CNES projects library
Here on Earth, gravity makes it impossible to precisely determine temperatures and pressures when fluids change state or to observe the solidification growth structures of materials. Ideally, such observations are best performed in space on a platform like the International Space Station (ISS), which is exactly what CNES did between 2009 and 2014 with its DECLIC mini-laboratory (Dispositif d’Etude de la Croissance et des LIquides Critiques).
Housed inside a NASA science rack, DECLIC operated three experiment inserts in turn for periods of 3 to 6 months: HTI (High Temperature Insert), ALI (Alice Like Insert) and DSI (Directional Solidification Insert). Experiments are monitored and controlled from CADMOS at CNES.
After a period back on Earth for maintenance, DECLIC was sent aloft and returned to the ISS on 17 October 2016.
The success and value of DECLIC has encouraged NASA and CNES to plan a successor to DECLIC. DECLIC Evolutions plans to include new scientific inserts, continuing to work with NASA, which is interested especially in waste disposal on its future crewed spaceflights, using ‘supercritical’ water to disassemble organic molecules.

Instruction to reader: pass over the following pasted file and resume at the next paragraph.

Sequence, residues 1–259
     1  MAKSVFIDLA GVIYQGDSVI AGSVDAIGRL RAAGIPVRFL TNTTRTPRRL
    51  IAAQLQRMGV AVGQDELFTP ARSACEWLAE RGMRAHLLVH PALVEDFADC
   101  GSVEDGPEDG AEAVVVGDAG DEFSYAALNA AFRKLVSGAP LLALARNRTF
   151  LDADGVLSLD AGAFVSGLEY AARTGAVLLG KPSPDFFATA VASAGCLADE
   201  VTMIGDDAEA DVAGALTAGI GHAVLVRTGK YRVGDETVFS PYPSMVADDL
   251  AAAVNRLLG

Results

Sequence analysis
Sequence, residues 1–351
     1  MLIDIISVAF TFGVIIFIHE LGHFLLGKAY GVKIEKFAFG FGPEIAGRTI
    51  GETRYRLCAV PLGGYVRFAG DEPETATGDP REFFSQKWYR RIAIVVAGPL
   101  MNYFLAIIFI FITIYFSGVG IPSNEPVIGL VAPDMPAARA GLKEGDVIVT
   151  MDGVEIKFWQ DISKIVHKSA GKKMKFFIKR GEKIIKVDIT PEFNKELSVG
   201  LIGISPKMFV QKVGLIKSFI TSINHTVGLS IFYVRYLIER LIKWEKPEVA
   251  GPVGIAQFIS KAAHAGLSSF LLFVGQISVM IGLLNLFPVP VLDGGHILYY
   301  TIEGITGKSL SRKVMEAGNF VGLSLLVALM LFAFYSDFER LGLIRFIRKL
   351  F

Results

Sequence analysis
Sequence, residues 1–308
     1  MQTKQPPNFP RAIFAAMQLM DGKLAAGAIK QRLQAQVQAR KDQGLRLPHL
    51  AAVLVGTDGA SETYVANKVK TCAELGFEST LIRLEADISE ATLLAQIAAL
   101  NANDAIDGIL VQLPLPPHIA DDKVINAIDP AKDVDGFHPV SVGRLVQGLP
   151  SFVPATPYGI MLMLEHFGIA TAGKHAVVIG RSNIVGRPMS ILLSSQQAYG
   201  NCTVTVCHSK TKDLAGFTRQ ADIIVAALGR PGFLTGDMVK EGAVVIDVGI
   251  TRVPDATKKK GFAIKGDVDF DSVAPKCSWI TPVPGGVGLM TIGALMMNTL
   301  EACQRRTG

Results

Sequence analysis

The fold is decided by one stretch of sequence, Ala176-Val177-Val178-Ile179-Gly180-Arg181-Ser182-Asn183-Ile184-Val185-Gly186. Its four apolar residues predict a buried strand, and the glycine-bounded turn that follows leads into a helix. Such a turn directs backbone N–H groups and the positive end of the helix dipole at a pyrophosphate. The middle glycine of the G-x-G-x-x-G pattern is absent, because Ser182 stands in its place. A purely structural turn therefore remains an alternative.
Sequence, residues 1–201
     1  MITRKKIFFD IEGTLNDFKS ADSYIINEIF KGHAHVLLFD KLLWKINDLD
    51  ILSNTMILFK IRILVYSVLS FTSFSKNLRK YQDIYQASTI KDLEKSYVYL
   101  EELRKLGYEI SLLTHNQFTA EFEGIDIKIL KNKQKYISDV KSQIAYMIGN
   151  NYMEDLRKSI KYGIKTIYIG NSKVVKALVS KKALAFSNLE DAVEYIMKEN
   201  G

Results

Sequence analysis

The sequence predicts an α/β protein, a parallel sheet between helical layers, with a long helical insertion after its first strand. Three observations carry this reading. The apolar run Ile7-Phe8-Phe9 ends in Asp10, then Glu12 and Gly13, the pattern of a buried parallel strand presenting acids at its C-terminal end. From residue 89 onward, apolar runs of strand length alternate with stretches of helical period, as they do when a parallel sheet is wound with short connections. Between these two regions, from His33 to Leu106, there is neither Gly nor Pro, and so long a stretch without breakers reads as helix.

Mission's news feed
Press Release: CNES’s DECLIC instrument en route to the International Space Station
First launched in 2009, the DECLIC scientific instrument was recovered and returned to Earth by NASA in 2014 after a five-year stay on the International Space Station (ISS) for...
October 20, 2016
DECLIC takes a maintenance break to repair its electronic module
After 6 years of loyal service, DECLIC had to undergo maintenance.
September 22, 2016
DECLIC clocks up one year in orbit
The DECLIC mini-laboratory developed by CNES has been operating aboard the International Space Station for a year, letting scientists perform experiments remotely from Earth and...
November 16, 2010